Library Services, Summer 2018: A Memory Theater Research Journey in Search of the Truth about Forgetting

| September 8, 2018

During Summer 2018, library staff were asked to create an artifact or present a performance exemplifying the work they do and specifically had done during the 2017-2018 academic year.  Because I’ve been thinking (and blogging) about using the Smith Learning Theater as a site for instruction in fundamental library research, including key resources and search strategies, and at the same time obsessing about the concept of the memory theater as a potent metaphor for the use of the theater to promote research literacy by means of the space itself, it seemed a natural to build a physical representation of my ideas laid out on the floorplan of the fourth floor library space.  I had also been intrigued by a question posed in an EdLab seminar presented by Ruta Kruliauskaite, priorIMG_0839
to her joining the EdLab Design Team, when she spoke about her experience producing TED presentations in Lithuania; the question she asked the audience to ponder and discuss in small groups was “Why do we forget?”  The question resonated with me enough to lead to an exploration of the memory theater, and when thinking about a research topic I could use to illustrate the use of various research resources to explore multiple facets of the topic, the theme of forgetting was, like the idea of the memory theater, a natural (if an ironic one).

The following is my description of what I had hoped to convey in my year’s summative project:

This piece explores the concept of the memory theater, a variation on the memory palace, and its potential to promote and support library research the use of components of immersive theater and mnemonic techniques.  The piece investigates employing the Smith Learning Theater to convey students on a research journey and to provide the means, through spatial mnemonics (“the method of loci” or memory journey) to retrace their steps back to the resources and strategies they have discovered to be crucial to their research and to retrieve information they have themselves actively embedded in the structure of the Theater through their memory of it and of the experience.  The research area chosen for this journey is the subject forgetting–why, how, IMG_0853when, whether we forget–explored from multiple social science, science, and humanities disciplinary perspectives.  The piece intends to present discrete modular spaces within the Theater, each dedicated to the search for and use of a type of resource (books, periodical literature, reviews of research, handbooks of research, e-collections) and each engaging the journeyer interactively in the discovery process.  The memory journeyer is free to move from one modular space to another; there are, however, prompts or pathways that may lead the participant from one space to a related one or related ones.  The ultimate dynamic of the memory theater may be the enactment of the interconnectedness of knowledge and of the mechanisms for discovering and later retrieving it.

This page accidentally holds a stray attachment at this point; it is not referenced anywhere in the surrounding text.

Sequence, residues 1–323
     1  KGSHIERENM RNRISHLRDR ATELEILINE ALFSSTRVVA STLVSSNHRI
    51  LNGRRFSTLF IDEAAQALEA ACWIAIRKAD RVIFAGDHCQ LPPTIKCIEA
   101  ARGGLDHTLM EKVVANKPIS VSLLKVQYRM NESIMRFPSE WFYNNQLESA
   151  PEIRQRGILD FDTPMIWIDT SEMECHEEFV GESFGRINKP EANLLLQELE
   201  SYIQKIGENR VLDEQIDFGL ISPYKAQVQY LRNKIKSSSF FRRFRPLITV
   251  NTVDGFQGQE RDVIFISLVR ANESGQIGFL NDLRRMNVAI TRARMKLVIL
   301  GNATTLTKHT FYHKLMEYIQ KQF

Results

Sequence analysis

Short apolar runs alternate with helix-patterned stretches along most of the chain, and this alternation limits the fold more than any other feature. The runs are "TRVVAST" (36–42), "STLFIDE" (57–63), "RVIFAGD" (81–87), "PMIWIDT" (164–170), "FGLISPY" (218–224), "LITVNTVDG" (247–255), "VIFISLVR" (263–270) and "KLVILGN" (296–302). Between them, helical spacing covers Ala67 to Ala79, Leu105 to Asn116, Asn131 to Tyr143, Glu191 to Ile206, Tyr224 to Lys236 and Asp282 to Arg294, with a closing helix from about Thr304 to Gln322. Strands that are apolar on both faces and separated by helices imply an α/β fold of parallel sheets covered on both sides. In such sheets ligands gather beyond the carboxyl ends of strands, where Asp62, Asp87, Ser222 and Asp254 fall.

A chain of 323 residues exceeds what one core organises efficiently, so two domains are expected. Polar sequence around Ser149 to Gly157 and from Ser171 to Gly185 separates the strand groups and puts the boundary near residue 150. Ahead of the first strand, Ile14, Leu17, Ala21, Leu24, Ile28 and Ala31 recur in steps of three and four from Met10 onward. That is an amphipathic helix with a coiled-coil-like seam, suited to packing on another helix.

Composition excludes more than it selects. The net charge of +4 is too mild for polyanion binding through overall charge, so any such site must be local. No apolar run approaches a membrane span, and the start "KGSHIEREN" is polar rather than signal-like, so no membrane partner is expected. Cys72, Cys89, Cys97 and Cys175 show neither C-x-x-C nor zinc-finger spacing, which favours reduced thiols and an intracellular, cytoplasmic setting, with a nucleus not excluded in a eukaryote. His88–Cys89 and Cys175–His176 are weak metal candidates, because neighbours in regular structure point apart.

In addition to the ultimately thought-provoking and fun assignment of putting together exhibits on our past year’s work, the Services staff continued to deliver research support and guidance to the community of library users.  The following are topics and areas of inquiry with which we provided students our assistance in individual consultation sessions during Summer 2018:

  • Leadership development post-graduation programs from Brazilian elementary public-schools principals perspective: a case study in the cities of Sao Paulo and Sobral.
  • Adult literacy stats for the U.S. since 2003, including poverty, demographics, incarceration.
  • What is the number of students who are learning English in the world? In the PK-12 context? Adults? University students? Professors? More specifically, what is the number of students who are learning English in Indonesia?
  • Teachers’ responses to students’ questions in cross-cultural classrooms.
  • Women and professional fulfillment.
  • A systematic review in the field of space physiology.
  • Nonprofit organizations and empirical research.
  • Designing a behavioral, developmental, and gamified curriculum.
  • Seeking information supporting the content validity of the Dolch sight word lists and the Fountas & Pinnell guided reading levels.
  • Teaching college students in an introductory statistics course with an Augmented Reality game, Pokemon Go, to increase their learning outcomes, engagement, and retention.

In addition, during Summer 2018 senior librarians handled 1,133 in-person and phone queries.

We responded to 423 queries of various kinds (reference questions, requests for one-on-one research consultations, inquiries about library hours and operations, questions pertaining to room reservations, circulation issues) that came to us via the library’s ticket system.

Senior librarians provided 22 research consultations to individual students.

And we presented two course-specific library information sessions for a total of 13 attendees.